A plan can help to coordinate many people who need to work together 2 3, an task for which “our everyday social and communication skills are far from sufficient.” 9. Bardram illustrates the use of plans for coordination with an example from medical work: “…the patient's diagnosis and the associated treatment plan are essential coordination mechanism… Without this plan, extensive communication has to take place in order to inform all involved personnel about the patient, his illness and how the physician in charge intends to cure it.”
But plans are not only useful before actions are taken: They are also useful to reflect on past actions and their outcomes.
By comparing plans and current actions, the contrast can be made visible and thus discussed together 8. This makes it possible to keep working in a coordinated way in the face of unexpected or unclear situations.
In comparing the plan (as an assumption of what one might do in the future) and the outcome (what one did), deviations from the plan can be used to reflect past actions as well as on assumptions held when creating the plan. This facilitates learning 2.
Plans do not determine future actions. They are just one of many sources people draw from to decide how to act. Thus, they can be also be helpful in contingent and changing situations. Plans also help to communicate, particularly in situations when there was needed deviation from the plan.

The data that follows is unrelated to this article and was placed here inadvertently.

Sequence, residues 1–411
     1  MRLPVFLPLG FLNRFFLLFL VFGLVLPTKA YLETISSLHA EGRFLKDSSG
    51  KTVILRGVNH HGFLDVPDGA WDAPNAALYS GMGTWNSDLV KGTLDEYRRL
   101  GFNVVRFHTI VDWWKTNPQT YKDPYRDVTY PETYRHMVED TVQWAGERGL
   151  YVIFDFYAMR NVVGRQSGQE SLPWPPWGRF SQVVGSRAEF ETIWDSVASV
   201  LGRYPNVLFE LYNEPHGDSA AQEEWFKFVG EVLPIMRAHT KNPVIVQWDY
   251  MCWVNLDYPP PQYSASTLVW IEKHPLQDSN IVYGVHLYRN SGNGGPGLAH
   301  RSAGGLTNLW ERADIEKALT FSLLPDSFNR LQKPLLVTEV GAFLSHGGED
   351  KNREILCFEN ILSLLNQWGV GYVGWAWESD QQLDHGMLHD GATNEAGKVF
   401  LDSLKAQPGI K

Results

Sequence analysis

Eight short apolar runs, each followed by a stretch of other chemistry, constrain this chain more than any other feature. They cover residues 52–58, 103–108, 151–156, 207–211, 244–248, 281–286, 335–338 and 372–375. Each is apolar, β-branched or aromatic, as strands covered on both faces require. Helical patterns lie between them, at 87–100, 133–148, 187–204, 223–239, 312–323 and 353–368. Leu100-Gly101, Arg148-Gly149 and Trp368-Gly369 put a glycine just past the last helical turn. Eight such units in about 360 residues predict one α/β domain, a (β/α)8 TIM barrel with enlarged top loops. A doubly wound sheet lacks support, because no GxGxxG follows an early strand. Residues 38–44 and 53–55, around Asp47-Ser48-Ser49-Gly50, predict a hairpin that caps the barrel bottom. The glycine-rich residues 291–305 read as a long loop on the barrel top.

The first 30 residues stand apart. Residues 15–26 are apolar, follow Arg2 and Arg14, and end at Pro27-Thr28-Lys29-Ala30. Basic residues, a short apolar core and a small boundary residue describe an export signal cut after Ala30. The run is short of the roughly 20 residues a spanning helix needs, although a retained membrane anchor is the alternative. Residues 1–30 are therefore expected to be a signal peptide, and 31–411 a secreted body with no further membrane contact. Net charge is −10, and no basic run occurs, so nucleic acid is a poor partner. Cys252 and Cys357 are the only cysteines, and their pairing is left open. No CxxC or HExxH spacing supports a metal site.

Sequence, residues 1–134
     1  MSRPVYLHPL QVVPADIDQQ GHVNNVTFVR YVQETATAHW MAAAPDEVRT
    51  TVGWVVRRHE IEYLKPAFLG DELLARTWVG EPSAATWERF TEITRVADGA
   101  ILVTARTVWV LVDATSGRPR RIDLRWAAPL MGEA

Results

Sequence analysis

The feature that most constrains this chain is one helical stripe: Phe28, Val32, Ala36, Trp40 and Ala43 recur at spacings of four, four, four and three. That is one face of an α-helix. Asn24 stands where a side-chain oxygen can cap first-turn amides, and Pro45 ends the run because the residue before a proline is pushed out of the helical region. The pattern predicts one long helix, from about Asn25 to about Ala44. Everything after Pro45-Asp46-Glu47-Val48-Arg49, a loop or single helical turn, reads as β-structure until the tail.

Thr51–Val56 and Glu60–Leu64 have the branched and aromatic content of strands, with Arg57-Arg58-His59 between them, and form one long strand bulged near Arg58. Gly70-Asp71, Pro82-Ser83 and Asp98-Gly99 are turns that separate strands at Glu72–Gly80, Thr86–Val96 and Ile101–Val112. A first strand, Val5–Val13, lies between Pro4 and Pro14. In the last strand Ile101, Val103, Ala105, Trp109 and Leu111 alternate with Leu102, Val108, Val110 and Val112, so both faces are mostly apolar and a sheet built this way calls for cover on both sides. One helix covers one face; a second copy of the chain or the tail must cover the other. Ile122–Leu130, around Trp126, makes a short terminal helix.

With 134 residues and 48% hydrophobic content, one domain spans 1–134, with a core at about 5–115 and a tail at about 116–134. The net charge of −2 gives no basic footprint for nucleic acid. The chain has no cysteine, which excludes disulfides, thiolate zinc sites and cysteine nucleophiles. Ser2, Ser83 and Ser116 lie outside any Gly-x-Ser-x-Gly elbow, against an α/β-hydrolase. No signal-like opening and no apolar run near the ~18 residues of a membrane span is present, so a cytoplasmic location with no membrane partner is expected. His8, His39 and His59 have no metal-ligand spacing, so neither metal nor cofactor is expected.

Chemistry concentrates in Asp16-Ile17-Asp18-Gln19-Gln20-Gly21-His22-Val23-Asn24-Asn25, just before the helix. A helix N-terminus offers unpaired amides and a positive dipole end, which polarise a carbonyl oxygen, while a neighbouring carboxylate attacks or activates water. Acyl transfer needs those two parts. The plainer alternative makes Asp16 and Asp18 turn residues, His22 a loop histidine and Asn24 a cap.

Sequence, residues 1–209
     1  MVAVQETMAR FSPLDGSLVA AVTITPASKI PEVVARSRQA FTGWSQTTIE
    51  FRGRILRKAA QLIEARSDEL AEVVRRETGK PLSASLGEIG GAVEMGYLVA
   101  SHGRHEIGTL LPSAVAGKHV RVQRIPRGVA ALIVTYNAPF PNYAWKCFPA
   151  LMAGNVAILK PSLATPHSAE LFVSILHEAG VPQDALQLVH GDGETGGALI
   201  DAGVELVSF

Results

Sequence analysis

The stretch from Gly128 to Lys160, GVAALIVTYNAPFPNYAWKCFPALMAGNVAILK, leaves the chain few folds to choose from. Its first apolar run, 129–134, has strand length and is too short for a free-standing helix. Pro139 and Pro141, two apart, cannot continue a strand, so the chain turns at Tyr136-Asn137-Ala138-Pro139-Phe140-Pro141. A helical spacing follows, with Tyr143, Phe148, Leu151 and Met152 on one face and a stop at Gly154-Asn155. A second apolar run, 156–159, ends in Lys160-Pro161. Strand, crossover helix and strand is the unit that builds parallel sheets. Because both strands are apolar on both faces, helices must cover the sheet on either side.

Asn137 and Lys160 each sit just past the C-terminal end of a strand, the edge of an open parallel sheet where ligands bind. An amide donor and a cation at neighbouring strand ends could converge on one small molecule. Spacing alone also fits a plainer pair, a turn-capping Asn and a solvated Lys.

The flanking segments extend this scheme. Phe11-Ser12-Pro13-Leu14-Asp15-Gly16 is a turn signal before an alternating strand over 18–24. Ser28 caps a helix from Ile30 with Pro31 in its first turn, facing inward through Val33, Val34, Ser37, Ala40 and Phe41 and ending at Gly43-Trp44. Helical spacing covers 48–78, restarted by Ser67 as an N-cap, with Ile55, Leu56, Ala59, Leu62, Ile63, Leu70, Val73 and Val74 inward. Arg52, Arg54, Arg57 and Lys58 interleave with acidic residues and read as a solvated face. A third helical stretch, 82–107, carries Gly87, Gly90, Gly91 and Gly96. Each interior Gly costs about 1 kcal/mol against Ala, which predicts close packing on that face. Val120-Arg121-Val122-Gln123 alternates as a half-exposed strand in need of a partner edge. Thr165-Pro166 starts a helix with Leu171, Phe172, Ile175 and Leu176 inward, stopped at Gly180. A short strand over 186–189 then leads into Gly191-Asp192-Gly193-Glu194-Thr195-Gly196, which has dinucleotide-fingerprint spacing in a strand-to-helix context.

What do help us plans to do? by Jan Dittrich is licensed under a Creative Commons Attribution 4.0 International License.
Bardram, Jakob E. 1997. “Plans as Situated Action: An Activity Theory Approach to Workflow Systems.” In Proceedings of the Fifth European Conference on Computer Supported Cooperative Work, 17–32. Springer, Dordrecht. https://doi.org/10.1007/978-94-015-7372-6_2. ↩↩
Churchill, Elizabeth F. 2017. “Planning Time: HCI’s Project-Management Challenges.” Interactions 24 (5): 20–21. https://doi.org/10.1145/3125391. ↩
Brooks, Jr, Frederick P. 2010. The Design of Design: Essays from a Computer Scientist. 1 edition. Upper Saddle River, NJ: Addison-Wesley Professional. ↩
Button, Graham, and Wes Sharrock. 1996. “Project Work: The Organisation of Collaborative Design and Development in Software Engineering.” Computer Supported Cooperative Work (CSCW) 5 (4): 369–86. https://doi.org/10.1007/BF00136711. ↩
Dorst, Kees, and Nigel Cross. 2001. “Creativity in the Design Process: Co-Evolution of Problem–Solution.” Design Studies 22 (5): 425–37. https://doi.org/10.1016/S0142-694X(01)00009-6. ↩
Guindon, Raymonde. 1990. “Designing the Design Process: Exploiting Opportunistic Thoughts.” Hum.-Comput. Interact. 5 (2): 305–44. ↩
Rönkkö, Kari, Yvonne Dittrich, and Dave Randall. 2005. “When Plans Do Not Work out: How Plans Are Used in Software Development Projects.” Computer Supported Cooperative Work (CSCW) 14 (5): 433–68. ↩
Visser, Willemien. 1990. “More or Less Following a Plan during Design: Opportunistic Deviations in Specification.” Int. J. Man-Mach. Stud. 33 (3): 247–78. ↩